The Australian Legal Discovery Laws Process Under Scrutiny
Canberra, ACT, Australia (News4us.com) May 26, 2011
Attorney-General Robert McClelland has tabled in Parliament the Australian Law Reform Commission’s report into discovery laws and practice in federal court proceedings.
The ALRC report, Managing Discovery: Discovery of Documents in Federal Courts, recommends reforms which aim to make the discovery process more efficient and cost effective as well as provide better support for judges.
The process of discovery is where parties disclose to each other documents that are relevant to the litigation taking place.
“This report has highlighted the need to ensure the costs and methods of resolution are proportionate to the issues in dispute,” Mr McClelland said.
“Discovery of documents allows parties to proceed on an equal footing and is a critical part of Australia’s legal system.
“The report notes the high and sometimes disproportionate cost of discovery can impede access to justice for some litigants.”
The Inquiry found that discovery can be routine and straightforward in many instances. In other cases, discovery can be a complex process involving large volumes of documents. In these cases, discovery costs can be disproportionate to the utility of the documents in resolving the dispute. This has become more common in modern litigation due to new technologies enabling the creation, retention and collection of masses of electronically-stored information.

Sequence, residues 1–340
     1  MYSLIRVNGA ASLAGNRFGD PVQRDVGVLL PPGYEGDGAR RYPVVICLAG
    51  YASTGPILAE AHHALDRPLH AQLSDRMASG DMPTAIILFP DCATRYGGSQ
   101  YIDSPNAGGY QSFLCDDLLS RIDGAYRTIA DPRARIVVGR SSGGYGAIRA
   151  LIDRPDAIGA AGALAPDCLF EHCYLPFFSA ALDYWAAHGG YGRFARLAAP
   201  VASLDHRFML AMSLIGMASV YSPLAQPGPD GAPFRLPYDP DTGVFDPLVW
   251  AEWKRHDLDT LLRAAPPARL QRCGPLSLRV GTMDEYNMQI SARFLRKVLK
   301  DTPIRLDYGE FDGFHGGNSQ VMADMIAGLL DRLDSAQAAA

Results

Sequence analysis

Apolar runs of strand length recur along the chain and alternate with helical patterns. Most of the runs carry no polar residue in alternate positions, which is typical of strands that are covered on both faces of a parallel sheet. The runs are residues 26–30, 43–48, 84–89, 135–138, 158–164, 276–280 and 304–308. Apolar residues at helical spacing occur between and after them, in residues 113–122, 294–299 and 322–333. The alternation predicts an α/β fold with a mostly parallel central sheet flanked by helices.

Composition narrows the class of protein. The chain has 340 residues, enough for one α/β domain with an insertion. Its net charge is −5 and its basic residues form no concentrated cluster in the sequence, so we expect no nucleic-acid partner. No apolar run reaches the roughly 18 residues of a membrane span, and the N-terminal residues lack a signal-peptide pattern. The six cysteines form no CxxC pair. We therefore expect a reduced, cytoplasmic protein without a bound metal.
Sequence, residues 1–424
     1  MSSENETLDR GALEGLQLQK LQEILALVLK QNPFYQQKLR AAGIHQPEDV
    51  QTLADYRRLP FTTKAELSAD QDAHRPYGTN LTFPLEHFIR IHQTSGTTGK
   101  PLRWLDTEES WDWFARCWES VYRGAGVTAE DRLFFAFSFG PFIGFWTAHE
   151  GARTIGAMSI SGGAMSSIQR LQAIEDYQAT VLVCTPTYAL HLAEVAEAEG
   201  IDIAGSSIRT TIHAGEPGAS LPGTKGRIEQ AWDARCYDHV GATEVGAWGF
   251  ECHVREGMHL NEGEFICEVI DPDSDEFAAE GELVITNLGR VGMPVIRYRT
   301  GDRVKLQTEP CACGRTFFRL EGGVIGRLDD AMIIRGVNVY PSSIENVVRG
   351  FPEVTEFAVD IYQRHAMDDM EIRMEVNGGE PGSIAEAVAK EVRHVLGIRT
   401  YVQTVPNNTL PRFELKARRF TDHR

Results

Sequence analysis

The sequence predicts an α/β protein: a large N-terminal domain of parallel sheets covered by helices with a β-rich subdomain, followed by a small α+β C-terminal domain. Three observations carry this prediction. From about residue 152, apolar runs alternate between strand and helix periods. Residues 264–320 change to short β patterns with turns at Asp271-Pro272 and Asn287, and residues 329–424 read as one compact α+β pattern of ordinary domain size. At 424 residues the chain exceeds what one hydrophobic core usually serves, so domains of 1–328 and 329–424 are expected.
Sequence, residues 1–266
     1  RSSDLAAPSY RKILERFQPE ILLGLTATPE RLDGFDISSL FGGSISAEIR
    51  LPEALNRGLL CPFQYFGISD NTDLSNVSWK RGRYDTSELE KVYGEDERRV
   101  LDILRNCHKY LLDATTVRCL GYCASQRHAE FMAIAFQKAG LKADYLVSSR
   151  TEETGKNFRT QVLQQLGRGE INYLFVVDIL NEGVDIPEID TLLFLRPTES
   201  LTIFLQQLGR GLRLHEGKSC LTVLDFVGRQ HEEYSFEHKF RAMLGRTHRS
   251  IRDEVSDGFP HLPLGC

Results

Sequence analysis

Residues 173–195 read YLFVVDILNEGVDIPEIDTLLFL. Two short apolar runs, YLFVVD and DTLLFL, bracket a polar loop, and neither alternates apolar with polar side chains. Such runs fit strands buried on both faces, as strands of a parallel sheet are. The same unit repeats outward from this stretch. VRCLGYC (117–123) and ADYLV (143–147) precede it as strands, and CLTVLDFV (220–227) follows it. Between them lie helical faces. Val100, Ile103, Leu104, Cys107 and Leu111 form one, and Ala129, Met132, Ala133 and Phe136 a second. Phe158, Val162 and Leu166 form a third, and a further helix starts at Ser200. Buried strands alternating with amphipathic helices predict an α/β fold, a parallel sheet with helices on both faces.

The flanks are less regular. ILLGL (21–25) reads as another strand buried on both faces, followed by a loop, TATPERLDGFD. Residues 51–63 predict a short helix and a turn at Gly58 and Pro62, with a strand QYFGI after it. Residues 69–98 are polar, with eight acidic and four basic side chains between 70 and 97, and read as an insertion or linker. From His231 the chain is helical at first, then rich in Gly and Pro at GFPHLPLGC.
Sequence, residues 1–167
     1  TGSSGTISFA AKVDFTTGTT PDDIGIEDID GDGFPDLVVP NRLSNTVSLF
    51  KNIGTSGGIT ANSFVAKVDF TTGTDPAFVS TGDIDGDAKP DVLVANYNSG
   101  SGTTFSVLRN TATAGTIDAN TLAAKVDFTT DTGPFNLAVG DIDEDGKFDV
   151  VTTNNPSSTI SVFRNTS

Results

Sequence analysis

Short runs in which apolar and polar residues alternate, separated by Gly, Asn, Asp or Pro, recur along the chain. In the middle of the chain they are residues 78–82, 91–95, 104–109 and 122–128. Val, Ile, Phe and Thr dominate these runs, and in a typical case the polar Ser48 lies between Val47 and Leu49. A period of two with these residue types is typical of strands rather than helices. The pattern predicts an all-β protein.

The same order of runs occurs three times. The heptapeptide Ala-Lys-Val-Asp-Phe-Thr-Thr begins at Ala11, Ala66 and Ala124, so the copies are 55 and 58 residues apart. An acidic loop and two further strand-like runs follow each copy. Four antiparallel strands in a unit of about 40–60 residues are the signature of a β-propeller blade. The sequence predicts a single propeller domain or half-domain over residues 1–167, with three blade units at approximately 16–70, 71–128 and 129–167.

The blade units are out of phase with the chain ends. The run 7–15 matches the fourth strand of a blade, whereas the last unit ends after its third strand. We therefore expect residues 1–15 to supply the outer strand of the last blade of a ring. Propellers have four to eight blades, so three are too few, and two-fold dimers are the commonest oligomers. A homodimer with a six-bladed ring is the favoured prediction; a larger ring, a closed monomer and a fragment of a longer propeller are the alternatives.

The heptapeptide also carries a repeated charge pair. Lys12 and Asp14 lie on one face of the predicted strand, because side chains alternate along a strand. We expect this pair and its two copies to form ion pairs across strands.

The Commission’s recommendations for reform aim to support judges in tailoring the discovery process to better suit the circumstances of each case.
The Commission also recommends clarifying the expectations of the parties and their lawyers, making their obligations more certain in advance of the discovery process and the expected costs more predictable.
“I look forward to working closely with the courts and other stakeholders in developing responses to the report,” Mr McClelland said.
This report is the result of a ten-month inquiry initiated by the Attorney-General in May 2010. It’s available on the ALRC website www.alrc.gov.au.
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